hopkinsju / tags / technology

Tagged with “technology” (6)

  1. Computerworld Techcast: Ray Kurzweil, Part I: The future of computing

    In this episode of the Computerworld Techcast, Ray Kurzweil, author of The Singularity Is Near, explains the impact of the exponential growth of processing power in computers. In the interview, Kurzweil says that computing advances will go beyond making computers smaller and more powerful — they will eventually lead to pervasive computing, augmented reality, and vastly longer lifespans.Duration: 10 minutes

    http://blogs.computerworld.com/computerworld_techcast_ray_kurzweil_part_i_the_future_of_computing

    —Huffduffed by hopkinsju

  2. Future Sci-Fi - RN Future Tense - 27 January 2011

    Russian/American scientist and author, Isaac Asimov, once wrote: Individual science fiction stories may seem as trivial as ever to the blinder critics and philosophers of today — but the core of science fiction, its essence, has become crucial to our salvation if we are to be saved at all.

    Now, there's no denying science fiction has long been a popular genre — from print to television to film. But does it have the influence it once had?

    Some argue the exponential rate of technological change makes sci-fi less effective in its ability to predict, inspire and shape the future of the real world.

    Here at Future Tense we're starting the year with a look at the power of science fiction.

    —Huffduffed by hopkinsju

  3. RSA - The Rise and Fall of Information Empires

    The Internet Age: an era of unprecedented freedom in both communication and culture.

    However each major new medium, from telephone to satellite television, has crested a wave of similar idealistic optimism, before succumbing to the inevitable undertow of industrial consolidation. Every once free and open technology has, in time, become centralised and closed; a huge corporate power taking control of the 'master switch.'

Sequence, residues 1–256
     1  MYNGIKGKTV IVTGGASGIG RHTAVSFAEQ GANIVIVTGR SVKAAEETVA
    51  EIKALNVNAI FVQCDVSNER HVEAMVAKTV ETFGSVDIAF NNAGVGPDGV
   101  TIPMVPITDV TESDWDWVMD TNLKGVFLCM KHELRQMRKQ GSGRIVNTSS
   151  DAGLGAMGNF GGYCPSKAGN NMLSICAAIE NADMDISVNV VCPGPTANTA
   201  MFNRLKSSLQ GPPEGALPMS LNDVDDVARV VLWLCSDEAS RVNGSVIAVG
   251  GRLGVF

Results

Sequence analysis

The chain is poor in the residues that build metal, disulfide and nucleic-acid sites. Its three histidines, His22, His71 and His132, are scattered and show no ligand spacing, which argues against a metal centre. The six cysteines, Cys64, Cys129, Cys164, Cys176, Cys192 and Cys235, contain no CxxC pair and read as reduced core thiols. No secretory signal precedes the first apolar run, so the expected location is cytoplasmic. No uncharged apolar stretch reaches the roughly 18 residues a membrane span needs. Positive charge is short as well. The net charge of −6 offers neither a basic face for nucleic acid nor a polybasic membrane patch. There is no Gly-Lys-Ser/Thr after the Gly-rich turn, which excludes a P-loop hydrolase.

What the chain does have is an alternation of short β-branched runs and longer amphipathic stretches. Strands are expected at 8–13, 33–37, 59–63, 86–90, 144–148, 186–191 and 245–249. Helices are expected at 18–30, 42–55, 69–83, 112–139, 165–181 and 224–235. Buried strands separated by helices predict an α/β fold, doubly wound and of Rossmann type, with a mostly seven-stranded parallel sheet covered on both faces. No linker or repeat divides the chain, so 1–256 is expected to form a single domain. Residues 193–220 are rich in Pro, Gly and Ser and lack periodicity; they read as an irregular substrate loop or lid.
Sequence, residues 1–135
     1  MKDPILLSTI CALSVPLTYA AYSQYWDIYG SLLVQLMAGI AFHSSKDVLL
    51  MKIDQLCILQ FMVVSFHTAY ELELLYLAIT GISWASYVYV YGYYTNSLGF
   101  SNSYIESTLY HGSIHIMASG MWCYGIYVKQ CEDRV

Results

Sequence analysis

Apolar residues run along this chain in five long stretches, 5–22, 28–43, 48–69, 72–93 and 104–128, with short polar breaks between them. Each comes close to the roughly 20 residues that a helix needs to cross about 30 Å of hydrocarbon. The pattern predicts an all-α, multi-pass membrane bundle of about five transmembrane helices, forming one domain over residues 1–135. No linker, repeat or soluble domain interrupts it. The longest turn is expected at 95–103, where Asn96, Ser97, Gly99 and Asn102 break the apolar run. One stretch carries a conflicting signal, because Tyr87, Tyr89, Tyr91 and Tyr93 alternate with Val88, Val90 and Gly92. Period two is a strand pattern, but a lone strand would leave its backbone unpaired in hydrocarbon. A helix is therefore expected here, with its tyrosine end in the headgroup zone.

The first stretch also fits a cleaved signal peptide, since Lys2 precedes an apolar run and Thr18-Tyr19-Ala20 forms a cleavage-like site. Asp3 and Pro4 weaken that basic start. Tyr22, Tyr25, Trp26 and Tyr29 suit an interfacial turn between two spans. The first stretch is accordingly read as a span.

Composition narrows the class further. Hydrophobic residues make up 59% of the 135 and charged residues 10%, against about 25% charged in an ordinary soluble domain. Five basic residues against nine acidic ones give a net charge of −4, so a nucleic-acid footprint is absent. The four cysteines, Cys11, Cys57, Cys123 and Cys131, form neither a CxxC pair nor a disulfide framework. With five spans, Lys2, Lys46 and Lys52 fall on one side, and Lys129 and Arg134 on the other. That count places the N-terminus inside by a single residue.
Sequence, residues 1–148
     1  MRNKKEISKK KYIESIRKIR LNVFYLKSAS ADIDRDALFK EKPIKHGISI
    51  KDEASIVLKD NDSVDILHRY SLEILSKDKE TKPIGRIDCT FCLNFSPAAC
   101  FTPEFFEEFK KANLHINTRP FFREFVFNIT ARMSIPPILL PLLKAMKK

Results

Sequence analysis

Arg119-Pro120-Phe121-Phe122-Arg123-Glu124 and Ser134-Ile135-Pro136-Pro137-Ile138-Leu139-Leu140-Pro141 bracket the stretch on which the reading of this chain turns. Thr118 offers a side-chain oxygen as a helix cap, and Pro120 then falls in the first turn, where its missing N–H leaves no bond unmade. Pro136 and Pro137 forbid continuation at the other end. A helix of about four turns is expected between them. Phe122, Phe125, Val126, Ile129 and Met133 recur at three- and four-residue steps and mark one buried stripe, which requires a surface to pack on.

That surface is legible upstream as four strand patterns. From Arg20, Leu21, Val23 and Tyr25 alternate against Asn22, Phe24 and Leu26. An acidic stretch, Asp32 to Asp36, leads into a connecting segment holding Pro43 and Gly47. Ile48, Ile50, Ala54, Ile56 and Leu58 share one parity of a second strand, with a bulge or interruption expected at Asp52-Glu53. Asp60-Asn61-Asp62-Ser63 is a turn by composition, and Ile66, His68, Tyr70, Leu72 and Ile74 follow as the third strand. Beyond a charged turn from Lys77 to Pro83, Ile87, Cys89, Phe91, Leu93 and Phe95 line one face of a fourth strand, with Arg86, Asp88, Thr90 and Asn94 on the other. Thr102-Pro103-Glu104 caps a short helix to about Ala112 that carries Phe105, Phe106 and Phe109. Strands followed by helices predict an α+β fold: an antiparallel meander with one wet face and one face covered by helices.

Today, as a similar struggle looms over the internet, increasingly the pipeline of all other media, the stakes have never been higher.

    Tim Wu is a Columbia Law professor, author, policy advocate, who first coined the phrase "net neutrality". He visits the RSA to deliver an essential review of information technology history and to share his unique insight into the next chapter of global communications.

    Speaker: Timothy Wu, Professor at Columbia Law School, policy advocate and author of The Master Switch (Atlantic Books, 2011).

    Chair: Tom Chatfield, author, tech and cultural commentator and game writer.

    http://www.thersa.org/events/audio-and-past-events/2011/the-rise-and-fall-of-information-empires

    —Huffduffed by hopkinsju

  4. A Little Bit Pregnant: Why it’s a Bad Idea to Regulate Computers the Way We Regulate Radios, Guns, Uranium and Other Special-Purpose Tools - Cory Doctorow

    In his keynote speech Cory addresses the issue of computer regulation in general and, more specifically, asks: What happens when we take the failed regulatory model from the copy-right realm and try to import it into other realms too? What are the consequences?

    http://singularityblog.singularitysymposium.com/a-little-bit-pregnant-cory-doctorow-at-boundaries-frontiers-and-gatekeepers-ischool-conference/

    —Huffduffed by hopkinsju